B.C. Human Rights Tribunal Rules that Employer’s Decision to Dismiss College Instructor for “Deeply Intolerant” Videos on YouTube was Not Discriminatory

Previously printed in the LexisNexis Labour Notes Newsletter.

In Glebov v. Fraser International College, 2024 BCHRT 19, the B.C. Human Rights Tribunal (the “Tribunal”) dismissed the human rights complaint of a college instructor who was terminated from employment after he posted YouTube videos expressing his views about religion, women, gender, homosexuality, abortion and sexual assault.

The complainant, Gleb Glebov, was a sessional mathematics instructor at Fraser International College (the “College”). Glebov alleged that the College discriminated against him in employment on the basis of religion contrary to section 13 of the B.C. Human Rights Code (the “Code”) when he was fired for expressing his Christian views in the YouTube videos.

Glebov had publicly posted four videos on YouTube. In those videos, which came to the attention of the College through an anonymous source, Glebov made various statements which were deemed by the College to be intimidating and offensive to the school community, including, without limitation, statements that women who have abortions should be put to death, women are sexually assaulted because of bad parenting, homosexuality and transgenderism is “garbage”, and Muslims who do not convert will meet the anti-Christ.

The College stated it did not seek to place restrictions on Glebov’s religious views. However, when he took his views into the public space where they were accessible to the College community, he conducted himself in violation of his employer’s policies, which require sessional instructors to avoid actual or perceived conflict of interest and behave in a manner that is not intimidating or offensive to the school community. Glebov’s conduct, the College said, amounted to just cause for termination.

Before the Tribunal, Glebov argued that his statements were expressed within the context of a sermon and he “expressed or attempted to establish by an argument an opinion on a religious subject or an opinion based on a belief in a religious text”. He stated that his views were based on both the King James Bible and Russell Re Manning’s book, 30-Second Religion.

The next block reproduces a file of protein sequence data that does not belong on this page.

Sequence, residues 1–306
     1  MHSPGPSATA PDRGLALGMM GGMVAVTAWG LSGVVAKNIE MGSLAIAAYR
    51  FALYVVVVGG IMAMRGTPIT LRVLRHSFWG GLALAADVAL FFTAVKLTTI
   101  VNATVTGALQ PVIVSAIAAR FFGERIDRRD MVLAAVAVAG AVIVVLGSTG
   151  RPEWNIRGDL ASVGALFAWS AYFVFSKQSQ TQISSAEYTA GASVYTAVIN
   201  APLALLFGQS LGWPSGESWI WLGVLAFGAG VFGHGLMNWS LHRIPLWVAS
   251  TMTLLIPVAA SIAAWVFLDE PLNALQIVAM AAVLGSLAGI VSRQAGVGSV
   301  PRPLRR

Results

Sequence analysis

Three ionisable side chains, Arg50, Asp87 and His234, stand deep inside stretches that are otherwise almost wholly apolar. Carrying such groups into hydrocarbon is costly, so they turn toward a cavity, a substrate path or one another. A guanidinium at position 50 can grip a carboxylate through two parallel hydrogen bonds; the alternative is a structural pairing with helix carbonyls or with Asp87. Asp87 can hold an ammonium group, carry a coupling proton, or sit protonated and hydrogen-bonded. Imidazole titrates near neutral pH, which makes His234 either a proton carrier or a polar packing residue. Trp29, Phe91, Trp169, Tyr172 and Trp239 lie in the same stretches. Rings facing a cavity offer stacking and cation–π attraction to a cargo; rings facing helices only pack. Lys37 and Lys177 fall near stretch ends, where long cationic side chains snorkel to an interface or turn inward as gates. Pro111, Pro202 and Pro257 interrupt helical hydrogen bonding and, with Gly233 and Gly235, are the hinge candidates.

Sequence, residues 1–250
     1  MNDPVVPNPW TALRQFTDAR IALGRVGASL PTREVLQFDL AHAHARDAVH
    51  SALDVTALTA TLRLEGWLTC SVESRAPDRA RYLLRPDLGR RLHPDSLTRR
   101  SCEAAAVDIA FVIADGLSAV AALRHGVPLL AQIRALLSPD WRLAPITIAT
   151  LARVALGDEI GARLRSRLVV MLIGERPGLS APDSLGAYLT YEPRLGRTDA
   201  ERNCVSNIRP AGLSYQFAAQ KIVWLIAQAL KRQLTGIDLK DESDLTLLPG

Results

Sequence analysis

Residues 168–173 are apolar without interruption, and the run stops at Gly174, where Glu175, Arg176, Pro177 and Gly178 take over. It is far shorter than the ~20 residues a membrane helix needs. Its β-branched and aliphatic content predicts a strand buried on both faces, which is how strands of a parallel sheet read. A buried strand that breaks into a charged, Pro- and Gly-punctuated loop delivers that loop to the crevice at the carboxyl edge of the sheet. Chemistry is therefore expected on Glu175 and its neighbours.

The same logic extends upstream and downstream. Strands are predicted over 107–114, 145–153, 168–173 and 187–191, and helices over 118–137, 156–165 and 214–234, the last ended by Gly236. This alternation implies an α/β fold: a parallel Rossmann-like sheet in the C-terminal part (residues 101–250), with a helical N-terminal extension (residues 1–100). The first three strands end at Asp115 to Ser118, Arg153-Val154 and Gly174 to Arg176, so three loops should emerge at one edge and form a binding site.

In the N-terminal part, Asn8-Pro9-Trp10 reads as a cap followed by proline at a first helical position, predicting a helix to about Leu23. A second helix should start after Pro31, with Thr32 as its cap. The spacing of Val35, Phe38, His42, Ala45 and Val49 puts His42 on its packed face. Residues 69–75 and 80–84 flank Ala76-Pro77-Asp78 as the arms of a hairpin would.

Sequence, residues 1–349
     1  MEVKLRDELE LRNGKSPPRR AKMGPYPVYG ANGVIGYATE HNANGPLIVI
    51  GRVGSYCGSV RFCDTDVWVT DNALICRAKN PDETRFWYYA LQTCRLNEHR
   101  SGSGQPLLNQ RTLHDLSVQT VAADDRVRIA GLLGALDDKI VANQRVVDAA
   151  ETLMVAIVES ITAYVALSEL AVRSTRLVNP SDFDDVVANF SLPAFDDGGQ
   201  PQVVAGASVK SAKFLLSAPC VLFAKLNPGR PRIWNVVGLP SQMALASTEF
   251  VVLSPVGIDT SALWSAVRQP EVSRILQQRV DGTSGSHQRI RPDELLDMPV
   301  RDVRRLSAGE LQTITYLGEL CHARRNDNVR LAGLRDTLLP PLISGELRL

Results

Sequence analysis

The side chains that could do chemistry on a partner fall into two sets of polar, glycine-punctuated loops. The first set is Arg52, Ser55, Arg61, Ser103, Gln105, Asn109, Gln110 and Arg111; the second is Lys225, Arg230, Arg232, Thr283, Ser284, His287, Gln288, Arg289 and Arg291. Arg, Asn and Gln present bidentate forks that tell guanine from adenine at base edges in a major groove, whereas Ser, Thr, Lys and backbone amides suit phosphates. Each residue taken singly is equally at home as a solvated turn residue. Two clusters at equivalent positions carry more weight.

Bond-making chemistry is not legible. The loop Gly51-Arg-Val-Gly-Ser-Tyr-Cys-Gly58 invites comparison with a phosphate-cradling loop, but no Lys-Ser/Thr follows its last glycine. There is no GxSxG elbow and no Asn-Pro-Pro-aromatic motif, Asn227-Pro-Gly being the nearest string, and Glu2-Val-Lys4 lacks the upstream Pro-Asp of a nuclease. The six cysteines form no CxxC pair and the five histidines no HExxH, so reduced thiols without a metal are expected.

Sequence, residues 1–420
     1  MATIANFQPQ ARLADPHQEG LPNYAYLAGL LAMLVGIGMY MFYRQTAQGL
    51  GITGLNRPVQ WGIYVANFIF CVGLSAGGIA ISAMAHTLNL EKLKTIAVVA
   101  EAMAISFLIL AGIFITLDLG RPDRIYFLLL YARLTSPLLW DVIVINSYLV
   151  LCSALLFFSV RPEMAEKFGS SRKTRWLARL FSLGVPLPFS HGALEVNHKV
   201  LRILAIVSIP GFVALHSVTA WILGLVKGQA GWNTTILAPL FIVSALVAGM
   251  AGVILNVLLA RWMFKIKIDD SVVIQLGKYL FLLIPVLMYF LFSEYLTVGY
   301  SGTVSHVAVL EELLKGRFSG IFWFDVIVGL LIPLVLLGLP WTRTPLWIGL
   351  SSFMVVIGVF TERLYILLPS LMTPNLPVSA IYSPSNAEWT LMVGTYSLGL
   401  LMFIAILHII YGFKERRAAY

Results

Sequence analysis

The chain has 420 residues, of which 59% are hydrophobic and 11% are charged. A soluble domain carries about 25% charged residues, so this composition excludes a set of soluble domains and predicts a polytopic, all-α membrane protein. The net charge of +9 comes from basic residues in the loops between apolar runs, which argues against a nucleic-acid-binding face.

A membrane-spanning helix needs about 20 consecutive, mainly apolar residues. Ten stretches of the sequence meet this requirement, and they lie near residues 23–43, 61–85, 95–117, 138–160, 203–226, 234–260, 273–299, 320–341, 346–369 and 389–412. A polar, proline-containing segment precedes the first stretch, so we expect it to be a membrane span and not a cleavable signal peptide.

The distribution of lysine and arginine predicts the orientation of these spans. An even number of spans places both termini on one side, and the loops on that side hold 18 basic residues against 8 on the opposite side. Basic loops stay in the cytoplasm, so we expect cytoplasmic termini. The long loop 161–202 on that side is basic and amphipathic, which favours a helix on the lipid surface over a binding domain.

The College did not dispute that Glebov might sincerely hold his beliefs. It argued, however, that there was no evidence he sincerely believed that making videos expressing “homophobic/ transphobic, misogynistic and other deeply intolerant and discriminatory views”, and publicly posting those videos on YouTube where members of the College community could view them, were related to his religion. It also argued that there was no evidence his ability to practise his religion would be compromised if he were unable to do those things.

The Tribunal agreed with the College and dismissed Glebov’s complaint. It held that Glebov did not provide any basis for saying that the public dissemination of his views was related to the tenets of his faith, or that his ability to practise his religion would be compromised if he were unable to do so.

Tribunal Member Theressa Etmanski wrote, “While he may hold Christian religious beliefs, he has not provided any evidence to indicate that publicly disseminating his views is part of his sincerely held religious belief or practice.”  Glebov’s human rights complaint was dismissed in its entirety.


While this case turned largely on the fact that the complainant was unable to prove that he had a religious practice that was protected by the Code, this case serves as a good reminder to employers that they should have a professional code of conduct and anti-harassment policies in place.

Employee statements or other behaviour outside work can negatively impact the workplace and be grounds for termination of employment.

Employers should not, however, act too hastily in taking disciplinary action. As with any other potential misconduct, it is important that the alleged misconduct be properly investigated and any possible human rights issues be properly considered.

While every effort has been made to ensure accuracy in this article, you are urged to seek specific advice on matters of concern and not to rely solely on what is contained herein. The article is for general information purposes only and does not constitute legal advice.